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Adventures in food for curious cooks.


Vanilla Pastry Cream: Creme Patissiere

Lynley Jones

The traditional creamy filling for French tarts and pasties. Great between the layers of a cake, or just eaten like vanilla pudding. (YUM!)

Visit People Like Pie for the series that inspired this recipe.

Makes about 2 1/2 cups


2 cups whole milk, plus a splash more if needed for storage (see notes)

5 egg yolks

1 cup sugar

1/2 cup flour

1 Tablespoon unsalted butter

1 1/2 Tablespoons vanilla extract


1. Heat the milk in a saucepan over medium-high heat with the lid askew until piping hot but not boiling (you'll see steam but no bubbles). Stir occasionally and do not let it scorch.  When hot, turn the heat to low and put the lid on.  

2. Use an electric mixer or stand mixer with the paddle attachment to blend the egg yolks together. (You can do this by hand with a whisk, but it's a whole lot of beating.)  Beat in the sugar and continue beating for 2-3 minutes until the mixture turns pale yellow and thickens enough to "form the ribbon." (This means that if you lift the beater briefly, you'll see that the eggs that fall back into the bowl lay on top like a sort-of ribbon for a moment, before blending back into the bowl.) 

3. Sprinkle the flour into the egg mixture and beat to combine.

4. Temper the eggs with the hot milk:

With the mixer running, begin adding hot milk to the mixture, a few drops at a time, mixing it in thoroughly before adding more.  Add a few more drops, mix them in, then add a small stream, then a larger stream, etc., mixing thoroughly after each addition.  This gradual approach gently warms the eggs as it incorporates the hot milk into them without scrambling them.  When all the milk has been added, the outside of the bowl should feel warm to the touch.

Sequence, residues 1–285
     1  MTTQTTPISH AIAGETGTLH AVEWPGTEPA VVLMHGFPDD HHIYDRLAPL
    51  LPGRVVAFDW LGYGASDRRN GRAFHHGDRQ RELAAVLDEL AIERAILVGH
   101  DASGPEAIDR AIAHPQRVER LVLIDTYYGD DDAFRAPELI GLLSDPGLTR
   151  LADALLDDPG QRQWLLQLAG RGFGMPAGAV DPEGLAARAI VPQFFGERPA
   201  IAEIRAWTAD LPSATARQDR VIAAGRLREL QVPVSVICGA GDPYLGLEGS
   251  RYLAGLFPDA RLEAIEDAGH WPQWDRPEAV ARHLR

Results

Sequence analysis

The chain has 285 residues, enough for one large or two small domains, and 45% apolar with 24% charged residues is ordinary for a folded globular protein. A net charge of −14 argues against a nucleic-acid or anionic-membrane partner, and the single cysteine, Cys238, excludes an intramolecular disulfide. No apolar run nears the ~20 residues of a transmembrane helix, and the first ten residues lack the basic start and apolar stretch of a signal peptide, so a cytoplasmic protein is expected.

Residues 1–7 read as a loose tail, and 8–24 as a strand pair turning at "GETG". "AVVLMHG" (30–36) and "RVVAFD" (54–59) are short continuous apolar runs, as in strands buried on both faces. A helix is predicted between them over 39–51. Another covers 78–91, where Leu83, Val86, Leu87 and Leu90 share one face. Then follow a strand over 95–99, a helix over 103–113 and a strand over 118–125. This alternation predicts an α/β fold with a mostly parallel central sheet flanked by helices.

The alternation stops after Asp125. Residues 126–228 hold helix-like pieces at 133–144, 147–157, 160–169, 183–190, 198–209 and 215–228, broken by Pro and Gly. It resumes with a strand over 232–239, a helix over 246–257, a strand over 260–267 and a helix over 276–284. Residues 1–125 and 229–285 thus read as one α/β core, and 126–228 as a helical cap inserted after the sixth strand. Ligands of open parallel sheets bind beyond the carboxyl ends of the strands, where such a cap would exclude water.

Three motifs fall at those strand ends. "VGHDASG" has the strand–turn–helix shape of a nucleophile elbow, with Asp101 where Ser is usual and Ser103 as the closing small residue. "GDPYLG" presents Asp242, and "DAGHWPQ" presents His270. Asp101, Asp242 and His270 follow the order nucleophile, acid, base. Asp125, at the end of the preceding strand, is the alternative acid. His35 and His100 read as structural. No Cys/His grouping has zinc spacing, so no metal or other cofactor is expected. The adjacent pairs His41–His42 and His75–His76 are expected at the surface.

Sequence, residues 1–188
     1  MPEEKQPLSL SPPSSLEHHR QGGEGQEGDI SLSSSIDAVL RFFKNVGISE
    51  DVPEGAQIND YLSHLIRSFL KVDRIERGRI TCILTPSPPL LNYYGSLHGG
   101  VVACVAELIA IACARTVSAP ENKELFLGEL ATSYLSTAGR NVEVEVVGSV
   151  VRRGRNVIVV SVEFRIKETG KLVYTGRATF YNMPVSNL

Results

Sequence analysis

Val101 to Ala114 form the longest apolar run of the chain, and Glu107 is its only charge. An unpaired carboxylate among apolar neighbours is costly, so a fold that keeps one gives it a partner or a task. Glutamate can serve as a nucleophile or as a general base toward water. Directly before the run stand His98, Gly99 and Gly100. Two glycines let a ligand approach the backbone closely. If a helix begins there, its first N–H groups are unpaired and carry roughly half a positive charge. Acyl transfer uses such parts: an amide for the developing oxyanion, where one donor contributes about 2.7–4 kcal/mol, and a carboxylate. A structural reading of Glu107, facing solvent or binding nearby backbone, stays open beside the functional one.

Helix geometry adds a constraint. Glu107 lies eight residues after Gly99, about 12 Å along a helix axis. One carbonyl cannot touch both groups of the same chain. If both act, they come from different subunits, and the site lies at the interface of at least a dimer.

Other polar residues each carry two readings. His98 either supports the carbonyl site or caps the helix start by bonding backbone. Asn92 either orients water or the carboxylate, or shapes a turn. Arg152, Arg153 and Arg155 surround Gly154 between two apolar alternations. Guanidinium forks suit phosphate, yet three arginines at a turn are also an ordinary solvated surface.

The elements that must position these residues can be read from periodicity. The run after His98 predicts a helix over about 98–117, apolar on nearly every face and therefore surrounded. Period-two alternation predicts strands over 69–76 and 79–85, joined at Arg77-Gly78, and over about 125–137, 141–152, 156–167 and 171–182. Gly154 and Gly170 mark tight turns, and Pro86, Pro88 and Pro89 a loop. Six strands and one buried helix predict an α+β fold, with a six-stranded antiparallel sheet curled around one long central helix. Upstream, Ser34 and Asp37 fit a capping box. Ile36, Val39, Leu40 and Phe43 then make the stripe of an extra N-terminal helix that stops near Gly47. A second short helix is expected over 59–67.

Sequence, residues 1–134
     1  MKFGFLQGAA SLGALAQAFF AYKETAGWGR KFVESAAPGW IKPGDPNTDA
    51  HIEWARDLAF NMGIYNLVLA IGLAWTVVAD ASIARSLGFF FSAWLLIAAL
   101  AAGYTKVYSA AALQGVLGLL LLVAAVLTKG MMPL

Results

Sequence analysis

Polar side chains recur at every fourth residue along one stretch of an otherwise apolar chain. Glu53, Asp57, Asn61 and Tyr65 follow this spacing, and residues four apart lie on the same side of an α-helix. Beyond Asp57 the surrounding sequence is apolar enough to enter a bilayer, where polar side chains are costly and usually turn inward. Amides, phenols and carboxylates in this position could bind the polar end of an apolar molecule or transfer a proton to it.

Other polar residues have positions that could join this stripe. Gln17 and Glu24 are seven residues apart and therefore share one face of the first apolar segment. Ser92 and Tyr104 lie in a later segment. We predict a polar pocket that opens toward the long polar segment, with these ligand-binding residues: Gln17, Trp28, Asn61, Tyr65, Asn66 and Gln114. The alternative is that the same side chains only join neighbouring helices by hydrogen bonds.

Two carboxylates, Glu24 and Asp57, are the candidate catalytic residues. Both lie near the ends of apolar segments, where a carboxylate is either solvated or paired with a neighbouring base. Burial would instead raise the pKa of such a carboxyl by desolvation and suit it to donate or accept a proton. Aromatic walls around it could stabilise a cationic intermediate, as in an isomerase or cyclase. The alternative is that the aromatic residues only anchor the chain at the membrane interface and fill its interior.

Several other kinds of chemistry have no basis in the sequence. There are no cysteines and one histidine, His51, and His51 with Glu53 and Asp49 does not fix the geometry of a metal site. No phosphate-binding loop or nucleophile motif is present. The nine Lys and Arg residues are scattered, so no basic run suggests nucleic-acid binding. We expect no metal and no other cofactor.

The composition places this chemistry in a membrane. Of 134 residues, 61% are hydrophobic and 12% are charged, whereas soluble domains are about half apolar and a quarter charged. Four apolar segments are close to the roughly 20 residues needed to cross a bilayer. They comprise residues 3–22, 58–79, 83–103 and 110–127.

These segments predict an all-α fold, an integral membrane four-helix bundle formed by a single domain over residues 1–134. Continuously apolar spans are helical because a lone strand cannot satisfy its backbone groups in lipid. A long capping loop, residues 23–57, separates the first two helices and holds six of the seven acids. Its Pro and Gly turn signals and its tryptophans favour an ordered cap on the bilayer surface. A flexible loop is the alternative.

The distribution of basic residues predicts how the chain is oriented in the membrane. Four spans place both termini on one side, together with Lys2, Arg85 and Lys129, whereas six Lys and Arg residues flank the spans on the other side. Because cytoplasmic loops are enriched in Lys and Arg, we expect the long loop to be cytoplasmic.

5. Stir the egg/milk mixture into a saucepan and turn the heat to medium-high.  Use a wire whisk to stir constantly, scraping the bottom of the pan in all directions as you bring the mixture to a boil.  As it heats up, it will become noticeably thicker and more difficult to whisk. When it begins to boil, it may seem briefly lumpy. Turn the heat to medium-low and continue to stir for about 2 minutes to cook the flour and make everything smooth. The pastry cream will now look and feel exactly like vanilla pudding.

6. Remove the pan from the heat and use a rubber spatula to stir in the butter.  When the butter is completely melted and incorporated into the cream, stir in the vanilla extract.

7. Cool the pastry cream before using. (See notes for preventing a skin from forming as it cools.) 


This is the pastry cream used to make a Classic French Fruit Tart.

The skin on top of your pudding or pastry cream forms when the hot surface of the cream comes in contact with cool air - which is exactly what happens when it cools to room temperature in your kitchen. If you're one of those people who likes to eat the "skin" then go for it! But if you want to prevent this, you have some options:

Option 1: Cool it in the pot with the lid on. If you have a cooling rack, put the pot on the rack first. Remove the lid to stir it every few minutes for the first 15 minutes or so, then just leave it covered to finish cooling. When cool, transfer it to a covered container for storage.

Option 2: Cover with plastic wrap pressed directly onto the surface of the pastry cream. To be honest, this method annoys me a little because some of the pastry cream sticks to the plastic wrap and ends up in the garbage instead of in my stomach. (But it's only a little, so I probably shouldn't be so sensitive!)

Option 3: Drizzle a splash of milk over the top of the pastry cream. If you put the pastry cream directly into a tall container, you can drizzle up to about a Tablespoon of milk over the top to prevent it from being exposed to the air. When the pastry cream is completely cool, just stir the milk into the cream and refrigerate. (If you're storing it in a wide container for some reason, don't use this method. You'll need too much milk to cover the surface.)

Option 4: Store in a zip-top bag. Even though this option may still end up with pastry cream stuck to the plastic, it's probably the best option for long-term storage in the freezer. Fill the bag, squeeze all the air out and freeze it flat. When you're ready to use it, you can just tear the plastic off of the frozen chunk of pastry cream and transfer it to a covered container to defrost. Or, keep it in the zip-top bag to defrost, then snip a corner of the bag to squeeze it out when you're ready to use it.

Whatever method you choose, you can store pastry cream in the fridge for several days, or in the freezer for months.